Corona México 200
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|NASCAR Nationwide Series|
|Venue||Autódromo Hermanos Rodríguez|
|Location||Mexico City, Mexico|
|Distance||201.44 miles (324.19 km)|
|Previous names||Telcel-Motorola 200 Presented by Banamex (2005–2006)|
Telcel-Motorola Mexico 200 (2007)
Corona Mexico 200 Presented by Banamex (2008)
|Most wins (team)||Joe Gibbs Racing (2)|
|Most wins (manufacturer)||Chevrolet (2)|
|Length||2.518 mi (4.052 km)|
The Corona México 200 presented by Banamex is a discontinued NASCAR Nationwide Series stock car race held at the Autódromo Hermanos Rodríguez road course in Mexico City, Mexico. The inaugural race was held in 2005 and the final race was held in 2008. The 2005 race marked the first time that NASCAR had run a Busch Series race on a road course since 2001, and at one time the Mexico City race was one of three road races on the Busch/Nationwide circuit (joining races at Watkins Glen and Montreal).
Much attention was directed towards this race, as it was the first NASCAR points-paying race outside the United States since 1952. The only recent international races for NASCAR had been those at the Suzuka Circuit and Twin Ring Motegi (1996–1998) in Japan, but the races were non-points-paying exhibition races. In 1952, NASCAR sanctioned points-paying races on the Canadian side of Niagara Falls.
The Autódromo Hermanos Rodríguez track is a very popular track for open-wheel racing such as Formula One and Champ Car, however, the course needed some work to make it suitable for stock cars. The most notable difference was a chicane on the pit straight, and also the addition of a link to eliminate Curva Héctor Rebaque, instead adding a long, curve between the track's short circuit curve and Ese del Lago. This move was made because of the heavy braking of the heavier cars. Unlike the Champ Car race, however, the cars do not use the chicane at Peraltada. In 2007 the cars no longer used the frontstretch "Bus stop chicane".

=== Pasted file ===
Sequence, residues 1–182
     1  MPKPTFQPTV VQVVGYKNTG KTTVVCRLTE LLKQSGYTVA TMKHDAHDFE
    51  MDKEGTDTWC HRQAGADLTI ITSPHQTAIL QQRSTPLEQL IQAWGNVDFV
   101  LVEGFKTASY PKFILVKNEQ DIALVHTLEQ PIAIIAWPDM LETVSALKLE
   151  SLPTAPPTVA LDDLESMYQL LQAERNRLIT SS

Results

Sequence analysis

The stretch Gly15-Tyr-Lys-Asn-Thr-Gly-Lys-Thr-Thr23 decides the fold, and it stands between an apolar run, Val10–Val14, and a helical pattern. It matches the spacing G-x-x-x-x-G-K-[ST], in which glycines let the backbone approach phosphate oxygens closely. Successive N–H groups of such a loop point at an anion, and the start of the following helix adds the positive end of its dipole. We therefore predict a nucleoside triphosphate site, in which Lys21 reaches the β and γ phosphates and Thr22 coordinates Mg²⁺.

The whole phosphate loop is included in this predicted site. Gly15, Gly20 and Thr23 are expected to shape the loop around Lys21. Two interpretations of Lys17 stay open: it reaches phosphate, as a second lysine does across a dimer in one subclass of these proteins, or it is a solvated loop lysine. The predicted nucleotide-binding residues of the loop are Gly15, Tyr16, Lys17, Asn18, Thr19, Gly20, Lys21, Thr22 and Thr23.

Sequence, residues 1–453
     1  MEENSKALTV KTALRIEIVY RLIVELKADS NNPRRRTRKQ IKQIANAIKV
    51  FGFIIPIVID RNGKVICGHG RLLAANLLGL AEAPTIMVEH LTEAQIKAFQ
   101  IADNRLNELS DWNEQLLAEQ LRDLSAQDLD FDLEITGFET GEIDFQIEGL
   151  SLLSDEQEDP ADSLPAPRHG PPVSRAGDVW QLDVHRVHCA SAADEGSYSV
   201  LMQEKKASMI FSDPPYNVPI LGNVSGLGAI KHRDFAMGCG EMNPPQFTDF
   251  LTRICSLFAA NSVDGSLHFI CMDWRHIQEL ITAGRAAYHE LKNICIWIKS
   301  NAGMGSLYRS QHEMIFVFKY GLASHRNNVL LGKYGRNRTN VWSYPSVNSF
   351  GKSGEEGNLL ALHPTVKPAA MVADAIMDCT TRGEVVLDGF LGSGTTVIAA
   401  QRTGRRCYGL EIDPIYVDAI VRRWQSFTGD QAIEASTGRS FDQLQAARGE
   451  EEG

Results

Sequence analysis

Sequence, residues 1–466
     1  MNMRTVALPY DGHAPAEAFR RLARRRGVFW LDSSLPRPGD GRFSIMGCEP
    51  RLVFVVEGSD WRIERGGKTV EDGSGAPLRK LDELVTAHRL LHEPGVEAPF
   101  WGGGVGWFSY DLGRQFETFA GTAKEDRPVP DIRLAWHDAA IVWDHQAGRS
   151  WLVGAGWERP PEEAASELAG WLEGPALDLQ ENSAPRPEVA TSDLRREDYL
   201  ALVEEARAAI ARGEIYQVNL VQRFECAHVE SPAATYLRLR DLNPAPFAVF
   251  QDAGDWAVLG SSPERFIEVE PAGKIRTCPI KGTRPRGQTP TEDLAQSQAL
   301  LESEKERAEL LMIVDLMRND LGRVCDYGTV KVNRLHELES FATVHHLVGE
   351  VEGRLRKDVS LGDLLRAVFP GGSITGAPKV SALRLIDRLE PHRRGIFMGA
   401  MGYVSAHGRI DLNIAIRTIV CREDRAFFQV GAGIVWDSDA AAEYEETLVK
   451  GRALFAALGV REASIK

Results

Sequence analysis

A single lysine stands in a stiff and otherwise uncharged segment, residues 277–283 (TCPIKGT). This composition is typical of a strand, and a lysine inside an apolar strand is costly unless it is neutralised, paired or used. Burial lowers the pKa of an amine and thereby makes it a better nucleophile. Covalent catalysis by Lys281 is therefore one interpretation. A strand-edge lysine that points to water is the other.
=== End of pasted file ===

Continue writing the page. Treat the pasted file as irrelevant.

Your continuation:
2005 Telcel-Motorola 200
Ticket sales were good, and fans packed the track after the announcement that several local drivers would drive NASCAR entries normally driven by other drivers. Among them were open-wheel star Adrián Fernández, Jorge Goeters, Mara Reyes (a female driver), Carlos Contreras, and Michel Jourdain Jr. who had just moved to NASCAR from Champ Car.
Jorge Goeters won the pole position for the event, with a lap average speed of 103.366 mph. Goeters led the NASCAR field for the first twenty-four laps, but Martin Truex Jr., then moved into the lead for several laps. The home crowd roared loudly when he was displaced by Mexico native Adrián Fernández, who led for several laps before giving up the lead to Truex, who went on to win the race. The top Mexican native finisher was Fernández, who finished tenth. Pole winner Jorge Goeters finished thirty-eighth after engine failure. Reyes finished thirty-fifth, Contreras thirty-sixth, and Jourdain thirty-seventh.
2006 Telcel-Motorola 200
Denny Hamlin took his first Busch Series win with an impressive performance at the track. Road-course ringer Boris Said made another fine visit to take second place after providing Hamlin with his stiffest challenge. After his third top-five finish from six Busch starts, Said admitted: "We just got beat. Denny Hamlin's the real deal."
Kyle Busch had looked like a victory contender but angered the home crowd, when he hit local driver Michel Jourdain Jr. following a rash move into turn eight. Jourdain was out on the spot, and Busch dropped down to seventh. Third place went to the points leader, Kevin Harvick, with J. J. Yeley in fourth and Paul Menard fifth. Post-race, Marc Goossens, who made his Busch series debut in the No. 90 Robert Yates car, was lauded for leading 2 laps during the event and coming home in the 9th position.